The heavens declare the glory of God

The European Space Agency has made history by successfully landing a robot on a comet in deep space. After 10 years, and a journey of more than 4 billion miles, the Rosetta spacecraft sent its fridge-sized Philae lander down to Comet 67P/Churyumov-Gerasimenko, which was travelling at 40,000mph. Philae landed safely and, despite some technical problems, sent back data for 60 hours. Rosetta is also maintaining its orbit around the comet and sending back data. Scientists had hoped that this mission could help unlock answers about the formation of the Solar System, the origins of water on Earth and perhaps even life itself.

This amazing achievement is testimony to the intelligence and skills God has given us as human beings. Each of us is a little speck in a vast universe. We are fragile and vulnerable, yet the Bible tells us we have been created “in the image of God.” In the 17th century Johannes Kepler, a German mathematician and astronomer, discovered his laws of planetary motion. He said he was aware of “thinking God’s thoughts after him.”

In every generation scientists and philosophers have tried to understand the meaning of life through studying and observing the wonderful universe in which we live. The more they have learned the more they have been amazed and humbled. In the 18th century the philosopher Immanuel Kant said, “Two things fill my mind with ever new and increasing admiration and awe, the more often I reflect on them, the starry heaven above me and the moral law within me.” In the 20th century Albert Einstein, the theoretical physicist and philosopher of science, said, “Everyone who is seriously interested in the pursuit of science becomes convinced that a spirit is manifest in the laws of the universe – a spirit vastly superior to man, and one in the face of which our modest powers must feel humble.”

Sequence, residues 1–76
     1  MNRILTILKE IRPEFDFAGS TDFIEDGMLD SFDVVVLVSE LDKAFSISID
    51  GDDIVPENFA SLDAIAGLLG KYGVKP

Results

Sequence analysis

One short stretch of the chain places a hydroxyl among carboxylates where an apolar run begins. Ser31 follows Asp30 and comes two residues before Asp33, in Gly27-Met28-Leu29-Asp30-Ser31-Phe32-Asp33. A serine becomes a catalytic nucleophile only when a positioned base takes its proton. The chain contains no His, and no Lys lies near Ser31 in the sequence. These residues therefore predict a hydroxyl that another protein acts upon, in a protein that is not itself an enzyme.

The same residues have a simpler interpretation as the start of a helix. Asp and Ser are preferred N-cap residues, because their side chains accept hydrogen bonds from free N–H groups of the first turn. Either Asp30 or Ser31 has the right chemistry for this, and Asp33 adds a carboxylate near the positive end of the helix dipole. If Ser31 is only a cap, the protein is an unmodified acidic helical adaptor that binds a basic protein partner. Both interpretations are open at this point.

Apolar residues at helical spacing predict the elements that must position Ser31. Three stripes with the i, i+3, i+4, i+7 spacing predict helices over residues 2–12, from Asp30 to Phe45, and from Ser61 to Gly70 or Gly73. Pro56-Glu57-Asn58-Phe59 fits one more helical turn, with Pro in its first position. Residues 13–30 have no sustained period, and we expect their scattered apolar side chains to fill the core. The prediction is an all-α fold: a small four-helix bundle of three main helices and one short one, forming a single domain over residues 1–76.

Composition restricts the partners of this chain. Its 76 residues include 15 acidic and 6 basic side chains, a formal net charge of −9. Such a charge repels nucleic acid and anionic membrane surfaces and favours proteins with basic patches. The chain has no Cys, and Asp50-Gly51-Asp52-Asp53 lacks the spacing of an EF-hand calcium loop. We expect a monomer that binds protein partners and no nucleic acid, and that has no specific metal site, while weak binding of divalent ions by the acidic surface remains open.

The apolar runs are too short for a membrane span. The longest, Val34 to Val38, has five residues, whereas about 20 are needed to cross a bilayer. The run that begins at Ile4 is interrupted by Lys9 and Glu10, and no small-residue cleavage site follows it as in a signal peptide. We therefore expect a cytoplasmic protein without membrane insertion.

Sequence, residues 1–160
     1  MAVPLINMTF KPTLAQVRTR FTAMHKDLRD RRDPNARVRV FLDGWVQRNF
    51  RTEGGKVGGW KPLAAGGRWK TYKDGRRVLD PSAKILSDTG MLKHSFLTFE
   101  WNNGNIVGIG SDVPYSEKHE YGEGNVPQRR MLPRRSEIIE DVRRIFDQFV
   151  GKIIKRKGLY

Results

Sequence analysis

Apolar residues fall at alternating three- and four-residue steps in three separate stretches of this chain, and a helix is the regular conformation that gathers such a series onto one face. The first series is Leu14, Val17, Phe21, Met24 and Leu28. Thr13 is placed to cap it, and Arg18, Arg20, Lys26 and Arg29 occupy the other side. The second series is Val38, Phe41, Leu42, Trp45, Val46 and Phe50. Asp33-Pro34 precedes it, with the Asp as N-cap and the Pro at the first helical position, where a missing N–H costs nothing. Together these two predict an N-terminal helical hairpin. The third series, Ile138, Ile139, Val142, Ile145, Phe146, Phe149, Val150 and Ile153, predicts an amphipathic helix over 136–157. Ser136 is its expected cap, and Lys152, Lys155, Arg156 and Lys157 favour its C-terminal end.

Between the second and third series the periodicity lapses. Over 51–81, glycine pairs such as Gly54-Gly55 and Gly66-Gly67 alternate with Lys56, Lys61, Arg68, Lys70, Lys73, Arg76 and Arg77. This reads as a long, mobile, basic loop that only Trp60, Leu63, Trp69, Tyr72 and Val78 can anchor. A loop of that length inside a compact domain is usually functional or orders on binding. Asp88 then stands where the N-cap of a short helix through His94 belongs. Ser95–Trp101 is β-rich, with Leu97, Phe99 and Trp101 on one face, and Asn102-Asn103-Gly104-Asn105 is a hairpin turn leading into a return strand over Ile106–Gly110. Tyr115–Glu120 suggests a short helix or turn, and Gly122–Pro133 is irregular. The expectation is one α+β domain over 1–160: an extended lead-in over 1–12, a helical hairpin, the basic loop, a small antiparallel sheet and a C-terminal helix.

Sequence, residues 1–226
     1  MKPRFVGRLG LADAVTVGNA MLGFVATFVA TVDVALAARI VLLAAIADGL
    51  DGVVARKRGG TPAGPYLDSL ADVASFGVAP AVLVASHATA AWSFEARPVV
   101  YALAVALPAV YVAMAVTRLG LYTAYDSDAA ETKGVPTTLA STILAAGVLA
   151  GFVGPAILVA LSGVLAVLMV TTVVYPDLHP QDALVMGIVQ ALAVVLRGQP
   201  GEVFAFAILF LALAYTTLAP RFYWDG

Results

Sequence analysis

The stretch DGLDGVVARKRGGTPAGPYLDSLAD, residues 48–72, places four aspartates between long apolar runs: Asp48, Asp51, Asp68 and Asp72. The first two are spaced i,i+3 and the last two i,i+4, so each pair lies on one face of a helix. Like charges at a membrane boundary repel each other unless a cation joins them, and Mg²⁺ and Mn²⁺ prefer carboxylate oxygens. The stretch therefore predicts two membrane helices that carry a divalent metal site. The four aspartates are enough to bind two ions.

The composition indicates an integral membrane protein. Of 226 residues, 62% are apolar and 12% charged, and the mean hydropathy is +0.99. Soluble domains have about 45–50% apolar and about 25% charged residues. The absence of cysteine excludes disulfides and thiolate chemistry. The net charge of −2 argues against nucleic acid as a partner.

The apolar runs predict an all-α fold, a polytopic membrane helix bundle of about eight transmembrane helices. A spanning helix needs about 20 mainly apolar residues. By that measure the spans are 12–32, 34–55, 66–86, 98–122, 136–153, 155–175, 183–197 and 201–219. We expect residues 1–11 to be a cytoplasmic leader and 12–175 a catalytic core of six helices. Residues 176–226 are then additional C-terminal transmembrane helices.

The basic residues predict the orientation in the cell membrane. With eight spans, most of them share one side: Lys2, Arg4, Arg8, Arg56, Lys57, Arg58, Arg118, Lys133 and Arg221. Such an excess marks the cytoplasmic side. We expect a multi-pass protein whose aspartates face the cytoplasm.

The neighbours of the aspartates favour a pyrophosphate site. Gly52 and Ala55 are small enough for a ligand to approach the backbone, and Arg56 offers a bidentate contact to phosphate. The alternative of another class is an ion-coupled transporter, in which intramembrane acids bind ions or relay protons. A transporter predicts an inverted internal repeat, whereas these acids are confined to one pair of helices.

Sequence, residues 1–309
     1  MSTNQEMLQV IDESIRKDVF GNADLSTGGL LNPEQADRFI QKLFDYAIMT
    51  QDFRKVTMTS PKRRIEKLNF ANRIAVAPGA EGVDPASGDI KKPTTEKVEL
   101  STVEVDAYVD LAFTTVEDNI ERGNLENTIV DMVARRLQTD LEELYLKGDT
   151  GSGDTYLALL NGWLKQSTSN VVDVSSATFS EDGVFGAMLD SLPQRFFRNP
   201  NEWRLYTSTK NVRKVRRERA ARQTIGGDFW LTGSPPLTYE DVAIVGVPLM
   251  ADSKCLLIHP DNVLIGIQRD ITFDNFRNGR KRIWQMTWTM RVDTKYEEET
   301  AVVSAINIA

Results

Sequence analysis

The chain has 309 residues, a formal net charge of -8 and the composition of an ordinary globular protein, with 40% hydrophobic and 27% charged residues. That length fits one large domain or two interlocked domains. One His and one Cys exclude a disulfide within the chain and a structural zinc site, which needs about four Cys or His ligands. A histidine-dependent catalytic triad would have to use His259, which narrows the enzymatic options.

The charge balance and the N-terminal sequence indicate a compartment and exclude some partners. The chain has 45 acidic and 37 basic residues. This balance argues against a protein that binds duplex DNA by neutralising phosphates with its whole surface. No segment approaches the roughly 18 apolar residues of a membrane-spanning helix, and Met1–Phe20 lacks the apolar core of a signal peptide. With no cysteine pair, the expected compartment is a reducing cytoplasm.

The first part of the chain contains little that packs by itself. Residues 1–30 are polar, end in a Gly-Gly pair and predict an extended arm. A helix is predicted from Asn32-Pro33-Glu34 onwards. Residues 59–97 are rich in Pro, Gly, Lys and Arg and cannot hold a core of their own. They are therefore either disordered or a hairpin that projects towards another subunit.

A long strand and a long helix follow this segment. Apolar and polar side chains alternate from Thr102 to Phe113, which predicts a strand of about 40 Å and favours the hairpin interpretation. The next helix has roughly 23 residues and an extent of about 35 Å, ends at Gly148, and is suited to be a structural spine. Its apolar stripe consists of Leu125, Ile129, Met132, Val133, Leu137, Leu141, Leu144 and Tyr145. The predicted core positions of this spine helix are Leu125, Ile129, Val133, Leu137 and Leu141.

Through his creation God speaks to people in all nations on earth. In Psalm 19 David says, “The heavens declare the glory of God; the skies proclaim the work of his hands. Day after day they pour forth speech; night after night they display knowledge. There is no speech or language where their voice is not heard. Their voice goes out into all the earth, their words to the ends of the earth.” Reflecting on the coming of Jesus, God’s eternal Son, into the world, the apostle John wrote, “He was with God in the beginning. Through him all things were made; without him nothing was made that has been made.”

Remembering the Simba Rebellion

Fifty years ago the Democratic Republic of Congo was embroiled in a violent civil war. In 1964, just 4 years after independence, many Congolese people died as Simba rebels tried to overthrow the government of Prime Minister Moise Tshombe. One of the tactics of the Simbas was to take white people hostage. In November 1964 19 members of the Unevangelised Fields Mission were killed in the area around Stanleyville. The missionaries came from the USA, Canada, Australia and Great Britain and had been teaching in schools and running hospitals and dispensaries. Some of the Simbas who killed them were still in their teens.